Saga » Ammon
oh dear u should be SEO daddy
Ammon 🎓🎩 » Saga
you may know that in the earlyish years of SEO, right up until the early Noughties, we talked about 'generations' of SEO users. The first gens (of which I'm one) could swap notes, observations, and tips with each other, sharing experiences, but there was no earlier generation to learn from. Second gen SEO users were those who learned from a first gen, whether that was formal training in a job, some kind of mentorship, or simply that they avidly followed and learned from someone who'd been there before. Third gens learned from someone who wasn't a first gen themselves. That included folks like Rand Fishkin, Aaron Wall, etc who all got started in the early Noughties.
But we stopped counting there, because it started to get messy, as there were still people learning from the mentoring of first generation SEO users, making them second gen, but having less experience and time than a third gen…
Anyway, as a first gen who has been cited as a mentor by so, so many SEO users over the years, yeah, I'm an 'SEO daddy', also a granddaddy, great grandpa, and distant ancestor, as far as generations of SEO go. 😃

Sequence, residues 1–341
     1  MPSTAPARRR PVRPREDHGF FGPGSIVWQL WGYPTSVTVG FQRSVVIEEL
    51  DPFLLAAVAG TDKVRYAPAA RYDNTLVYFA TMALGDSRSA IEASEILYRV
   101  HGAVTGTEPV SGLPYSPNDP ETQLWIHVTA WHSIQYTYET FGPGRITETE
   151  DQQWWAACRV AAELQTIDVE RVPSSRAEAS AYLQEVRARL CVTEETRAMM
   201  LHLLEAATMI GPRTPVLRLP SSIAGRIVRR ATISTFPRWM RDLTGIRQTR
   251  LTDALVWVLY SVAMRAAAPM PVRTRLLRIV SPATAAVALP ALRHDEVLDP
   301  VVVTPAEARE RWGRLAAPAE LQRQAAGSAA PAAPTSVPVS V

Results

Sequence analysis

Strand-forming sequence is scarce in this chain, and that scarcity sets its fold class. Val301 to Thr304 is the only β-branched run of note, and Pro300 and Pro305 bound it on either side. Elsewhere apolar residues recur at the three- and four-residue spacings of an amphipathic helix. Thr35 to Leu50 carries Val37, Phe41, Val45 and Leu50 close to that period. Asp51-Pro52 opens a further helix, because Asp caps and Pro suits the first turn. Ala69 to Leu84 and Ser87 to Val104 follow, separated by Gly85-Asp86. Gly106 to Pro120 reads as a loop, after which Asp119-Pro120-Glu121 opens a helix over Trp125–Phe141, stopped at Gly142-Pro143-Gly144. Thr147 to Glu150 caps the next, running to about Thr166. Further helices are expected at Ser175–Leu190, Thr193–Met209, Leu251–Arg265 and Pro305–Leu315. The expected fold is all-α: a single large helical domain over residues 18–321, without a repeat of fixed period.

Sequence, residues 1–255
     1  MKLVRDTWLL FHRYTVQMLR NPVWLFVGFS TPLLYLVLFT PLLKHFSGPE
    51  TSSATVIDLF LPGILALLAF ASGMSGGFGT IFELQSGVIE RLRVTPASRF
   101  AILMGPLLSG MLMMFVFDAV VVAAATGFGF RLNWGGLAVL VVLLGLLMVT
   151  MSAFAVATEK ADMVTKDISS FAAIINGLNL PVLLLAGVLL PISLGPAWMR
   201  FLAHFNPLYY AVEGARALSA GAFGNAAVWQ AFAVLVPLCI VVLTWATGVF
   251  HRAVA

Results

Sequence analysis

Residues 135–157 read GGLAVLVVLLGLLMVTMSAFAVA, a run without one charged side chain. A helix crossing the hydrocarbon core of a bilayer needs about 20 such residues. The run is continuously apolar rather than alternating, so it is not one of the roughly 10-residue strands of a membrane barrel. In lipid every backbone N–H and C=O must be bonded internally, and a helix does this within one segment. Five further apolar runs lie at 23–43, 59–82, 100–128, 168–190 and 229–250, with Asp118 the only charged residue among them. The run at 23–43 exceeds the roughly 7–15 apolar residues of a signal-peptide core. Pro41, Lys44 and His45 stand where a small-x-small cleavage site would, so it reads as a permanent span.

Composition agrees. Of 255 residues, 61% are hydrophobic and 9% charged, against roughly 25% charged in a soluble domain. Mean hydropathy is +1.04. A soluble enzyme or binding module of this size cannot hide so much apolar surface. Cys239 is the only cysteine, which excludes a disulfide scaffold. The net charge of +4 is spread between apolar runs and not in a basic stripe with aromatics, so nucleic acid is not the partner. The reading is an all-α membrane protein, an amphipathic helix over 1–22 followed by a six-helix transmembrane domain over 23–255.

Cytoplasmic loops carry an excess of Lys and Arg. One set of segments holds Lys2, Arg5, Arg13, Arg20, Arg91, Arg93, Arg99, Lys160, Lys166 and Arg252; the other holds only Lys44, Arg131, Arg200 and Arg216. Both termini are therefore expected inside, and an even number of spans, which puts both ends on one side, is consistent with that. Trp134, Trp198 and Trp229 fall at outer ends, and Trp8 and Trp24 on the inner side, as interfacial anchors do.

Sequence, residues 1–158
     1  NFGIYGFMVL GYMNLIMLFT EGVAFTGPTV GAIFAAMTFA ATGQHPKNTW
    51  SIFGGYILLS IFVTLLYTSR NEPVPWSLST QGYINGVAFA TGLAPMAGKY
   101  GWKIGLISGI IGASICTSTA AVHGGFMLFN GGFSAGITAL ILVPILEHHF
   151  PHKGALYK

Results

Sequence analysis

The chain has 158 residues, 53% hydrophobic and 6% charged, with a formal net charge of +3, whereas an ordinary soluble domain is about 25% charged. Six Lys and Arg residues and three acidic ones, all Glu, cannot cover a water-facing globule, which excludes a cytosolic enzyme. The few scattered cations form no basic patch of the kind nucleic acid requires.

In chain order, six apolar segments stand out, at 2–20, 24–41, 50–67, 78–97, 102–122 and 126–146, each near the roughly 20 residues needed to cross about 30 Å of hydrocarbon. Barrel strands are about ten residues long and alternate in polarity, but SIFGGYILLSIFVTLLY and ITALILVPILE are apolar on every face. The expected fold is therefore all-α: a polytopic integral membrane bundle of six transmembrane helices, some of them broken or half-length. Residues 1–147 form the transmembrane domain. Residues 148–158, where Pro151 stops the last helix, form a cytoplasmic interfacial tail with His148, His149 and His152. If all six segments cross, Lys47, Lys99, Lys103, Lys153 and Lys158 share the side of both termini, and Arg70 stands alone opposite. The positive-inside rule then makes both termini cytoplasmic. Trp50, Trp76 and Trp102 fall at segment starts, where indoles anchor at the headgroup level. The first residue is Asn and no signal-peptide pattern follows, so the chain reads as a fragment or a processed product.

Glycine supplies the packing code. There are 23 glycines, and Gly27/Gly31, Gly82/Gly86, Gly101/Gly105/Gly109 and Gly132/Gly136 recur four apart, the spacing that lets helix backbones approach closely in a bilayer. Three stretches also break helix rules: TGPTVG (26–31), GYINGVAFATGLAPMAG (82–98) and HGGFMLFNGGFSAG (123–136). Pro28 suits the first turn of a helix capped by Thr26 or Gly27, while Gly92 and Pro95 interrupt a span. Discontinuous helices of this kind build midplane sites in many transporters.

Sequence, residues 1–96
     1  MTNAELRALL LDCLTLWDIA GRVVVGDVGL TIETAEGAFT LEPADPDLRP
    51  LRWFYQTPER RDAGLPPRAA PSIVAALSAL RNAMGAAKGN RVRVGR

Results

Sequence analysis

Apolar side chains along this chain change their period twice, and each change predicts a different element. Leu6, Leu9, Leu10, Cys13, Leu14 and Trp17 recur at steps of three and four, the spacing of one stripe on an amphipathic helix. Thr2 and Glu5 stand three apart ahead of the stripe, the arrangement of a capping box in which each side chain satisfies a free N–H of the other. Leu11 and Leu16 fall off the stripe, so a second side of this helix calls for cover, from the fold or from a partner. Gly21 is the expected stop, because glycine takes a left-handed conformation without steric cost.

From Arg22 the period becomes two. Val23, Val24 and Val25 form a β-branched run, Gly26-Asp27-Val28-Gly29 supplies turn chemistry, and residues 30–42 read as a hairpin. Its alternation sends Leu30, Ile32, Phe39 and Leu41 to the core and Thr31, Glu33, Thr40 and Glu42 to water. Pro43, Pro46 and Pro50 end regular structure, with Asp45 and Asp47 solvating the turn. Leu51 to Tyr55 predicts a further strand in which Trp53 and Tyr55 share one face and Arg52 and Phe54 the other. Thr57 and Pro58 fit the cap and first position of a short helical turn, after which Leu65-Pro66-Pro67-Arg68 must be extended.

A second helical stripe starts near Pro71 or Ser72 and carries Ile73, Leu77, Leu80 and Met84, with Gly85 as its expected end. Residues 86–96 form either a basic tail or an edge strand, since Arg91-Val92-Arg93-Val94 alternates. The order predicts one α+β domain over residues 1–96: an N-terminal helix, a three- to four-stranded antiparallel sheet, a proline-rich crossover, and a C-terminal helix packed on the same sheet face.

Saga » Ammon
how many SEO mommies u got pregnant over the years then?
Ammon 🎓🎩 » Saga
A gentleman never tells
Bassey » Ammon
Greetings, I need your help on best link building strategies
Ammon 🎓🎩 » Bassey
Pretty much everything you need to know is in my public posts here, throughout the group. I don't hold anything back, or give a lower quality of answer, so the only thing that is different in what I'd give in a private consultation is that it is more specific to the individual case, and that you save time compared to putting lots of my posts together.
If you have the time, putting it together yourself from my various posts saves you the cash. For those short on time but with plenty of cash, I do consulting.
Bassey » Ammon
thanks, no cash for now, will put it together myself, keep up the good works, best wishes
It means the person who said that doesn't know much about Search Engine Optimization (SEO). It changes all the time. Black hat still works just fine but things that worked 10 years ago don't work today. For that matter, things that worked a year ago don't work as well today.
It's the equivalent of stealing for a living. It's fine until you get caught. Your clients will sue you out of business because you'll effectively have destroyed theirs. Part of the regular algorithm changes is to eliminate black hat players.